Review: Between States – The Transylvanian Question and the European Idea during World War II, by Holly Case
In early September 1940 units of the Hungarian army entered the village of Ipp in northern Transylvania. A few days previously, the region, which had been part of Romania since the 1920 Treaty of Trianon, had been granted to Hungary under the so-called Second Vienna Award, in effect a change of border dictated by Hitler and Mussolini. There was great rejoicing in Budapest and among ethnic Hungarians in northern Transylvania. But not everyone was happy, notably the region’s ethnic Romanians. As the Hungarians were entering Ipp someone threw a hand grenade into their midst, killing four soldiers. There were reprisals, with the result that over 150 locals lost their lives.
It was one of a number of serious incidents which marred the arrival of Hungarian authority in northern Transylvania in the autumn of 1940. They in turn mirrored atrocities and acts of discrimination against ethic Hungarians which had taken place in the region during the inter-war period.
Tos and fros in wartime Transylvania
When the rejoicing died down and outrageous incidents were curtailed, the new Hungarian officials (who were often outsiders “parachuted” into positions of authority by the politicians in Budapest) set about dealing with many tasks. They aimed to completely overhaul the education system, including relocating the Hungarian university back to Kolozsvár from its exile in Szeged, to construct a new transportation infrastructure and, controversially, to implement anti-Jewish legislation alongside wartime rationing, conscription and censorship.
The Transylvania Party was the only officially allowed political party and there would be no elections. Members of parliament “representing” the region were appointed from above.
The peculiar and relatively short history of Northern Transylvania as part of Hungary came to an end with the defeat of Hungary in the Second World War. After the war the region again became part of Romania. The story of Northern Transylvania during the war is at the heart of this scholarly work by Holly Case. Yet it is not simply a chronological account. As the book’s sub-title indicates, this work sets the history of the region in a much broader context.
Balanced account of power politics
Case examines the modern history of Transylvania as an idea, a location and an ideologically loaded concept. Her account is as balanced as can be expected for any work dealing with this notoriously complex and politically sensitive issue. Attitudes to Transylvania on the part of Hungary and Romania are compared and contrasted – often to the detriment of both.
Each side, before and during the war, aimed to influence international opinion and bolster its claims to the same territory partly by denouncing the other side in quite vitriolic terms – sometimes even the same terms. Thus Romania would describe Hungarians as a backward people who had never escaped from their Asiatic roots. In turn, Hungary would depict Romanians as not worthy of being respected as cultured Europeans.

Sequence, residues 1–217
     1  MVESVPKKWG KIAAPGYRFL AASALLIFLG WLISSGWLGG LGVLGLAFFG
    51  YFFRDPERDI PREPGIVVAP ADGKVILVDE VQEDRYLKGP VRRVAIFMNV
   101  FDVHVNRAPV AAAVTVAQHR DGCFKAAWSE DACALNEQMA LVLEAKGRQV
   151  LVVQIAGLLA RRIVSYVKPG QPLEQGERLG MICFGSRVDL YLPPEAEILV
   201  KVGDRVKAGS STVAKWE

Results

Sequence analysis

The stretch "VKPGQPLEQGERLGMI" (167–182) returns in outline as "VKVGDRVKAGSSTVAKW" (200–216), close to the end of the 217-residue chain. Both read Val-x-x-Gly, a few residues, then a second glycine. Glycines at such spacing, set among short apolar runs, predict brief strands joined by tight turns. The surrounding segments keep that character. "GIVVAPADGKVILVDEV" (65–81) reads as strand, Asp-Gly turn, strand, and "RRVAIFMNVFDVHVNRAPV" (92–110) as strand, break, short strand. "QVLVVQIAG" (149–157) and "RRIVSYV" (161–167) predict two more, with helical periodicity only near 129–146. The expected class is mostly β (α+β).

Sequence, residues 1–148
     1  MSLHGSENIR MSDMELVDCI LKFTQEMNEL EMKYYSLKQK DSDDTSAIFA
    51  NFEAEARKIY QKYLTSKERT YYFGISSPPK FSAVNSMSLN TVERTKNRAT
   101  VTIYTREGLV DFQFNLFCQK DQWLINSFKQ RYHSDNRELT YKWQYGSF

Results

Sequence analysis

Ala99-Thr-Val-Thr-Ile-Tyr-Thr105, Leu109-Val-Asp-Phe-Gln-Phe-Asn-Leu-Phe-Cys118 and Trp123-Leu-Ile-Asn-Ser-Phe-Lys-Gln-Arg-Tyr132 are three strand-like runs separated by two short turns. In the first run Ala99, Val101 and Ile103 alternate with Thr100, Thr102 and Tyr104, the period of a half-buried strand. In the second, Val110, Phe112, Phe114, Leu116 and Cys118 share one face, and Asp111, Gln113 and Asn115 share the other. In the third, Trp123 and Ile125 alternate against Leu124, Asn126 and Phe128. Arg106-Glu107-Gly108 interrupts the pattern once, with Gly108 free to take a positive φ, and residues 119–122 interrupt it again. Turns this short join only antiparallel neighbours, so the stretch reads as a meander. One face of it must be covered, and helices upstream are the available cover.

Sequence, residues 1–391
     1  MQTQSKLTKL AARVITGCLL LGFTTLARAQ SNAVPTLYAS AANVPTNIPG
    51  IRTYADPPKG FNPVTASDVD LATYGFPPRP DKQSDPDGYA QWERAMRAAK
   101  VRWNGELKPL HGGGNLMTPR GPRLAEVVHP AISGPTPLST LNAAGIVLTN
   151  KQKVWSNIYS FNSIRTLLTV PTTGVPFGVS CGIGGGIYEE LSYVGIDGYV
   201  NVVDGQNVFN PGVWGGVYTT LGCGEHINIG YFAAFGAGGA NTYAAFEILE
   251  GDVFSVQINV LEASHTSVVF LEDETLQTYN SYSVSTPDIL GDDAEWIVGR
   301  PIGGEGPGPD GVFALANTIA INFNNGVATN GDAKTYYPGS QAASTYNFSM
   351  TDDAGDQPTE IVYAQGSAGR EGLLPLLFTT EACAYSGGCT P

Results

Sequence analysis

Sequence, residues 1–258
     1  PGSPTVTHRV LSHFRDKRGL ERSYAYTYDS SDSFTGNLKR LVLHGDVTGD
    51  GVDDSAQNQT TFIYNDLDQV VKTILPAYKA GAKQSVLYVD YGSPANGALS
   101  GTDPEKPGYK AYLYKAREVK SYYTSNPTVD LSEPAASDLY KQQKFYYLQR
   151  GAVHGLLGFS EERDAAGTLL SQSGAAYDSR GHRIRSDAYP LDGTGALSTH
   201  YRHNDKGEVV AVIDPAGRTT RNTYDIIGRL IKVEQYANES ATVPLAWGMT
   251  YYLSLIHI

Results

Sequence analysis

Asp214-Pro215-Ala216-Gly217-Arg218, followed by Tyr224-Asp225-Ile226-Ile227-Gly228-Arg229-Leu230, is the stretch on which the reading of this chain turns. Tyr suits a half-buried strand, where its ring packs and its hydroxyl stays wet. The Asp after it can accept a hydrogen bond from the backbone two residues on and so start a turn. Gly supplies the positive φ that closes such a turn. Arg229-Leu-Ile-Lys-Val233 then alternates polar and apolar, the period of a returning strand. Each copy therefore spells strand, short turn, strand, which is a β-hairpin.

The treatment of the Jews is given a special chapter. Jews in Northern Transylvania were among the first Hungarians to be deported to the death camps in 1944. Yet Romania’s treatment of its Jewish population elsewhere was not much better. At other times each side would claim to be protecting or saving “its” Jews. It’s a complicated section of this anyway serious book but at the same time fascinating. Perhaps it’s surprising that there’s no chapter dealing with the equally complex issue of Gypsies in both Hungary and Romania.
Transylvania under communism
The book finishes with an overview of conditions in and attitudes to Transylvania since 1945. A number of paradoxes are revealed. Case highlights, for example, that the period of “high Stalinism” in the early 1950s was a time which witnessed some of the “best” years for minority rights in Transylvania. Soviet-type nationalities policies “ensured bilingual signs, education and cultural venues – including a university – for Hungarians”. The 1952 Romanian Constitution even made provision for an autonomous Hungarian region.
It all changed later, particularly with the rise of Nicolae Ceaucescu. In more recent times lifting censorship restrictions in both countries has led to a revival of some extreme nationalist sentiments, echoing ideas propagated in the inter-war period, and even the fact that both Hungary and Romania are EU members hasn’t dissipated old tensions entirely. But then for most of the Second World War, as accusations of atrocities and discrimination in Northern Transylvania or denial of them were thrown back and forth, Hungary and Romania were allies, allegedly fighting on the same side.
Buy the book
Between States – The Transylvanian Question & the European Idea during World War II
By Holly Case
Hardback, illustrated, maps, 349 pages
Stanford University Press, 2009 USD 60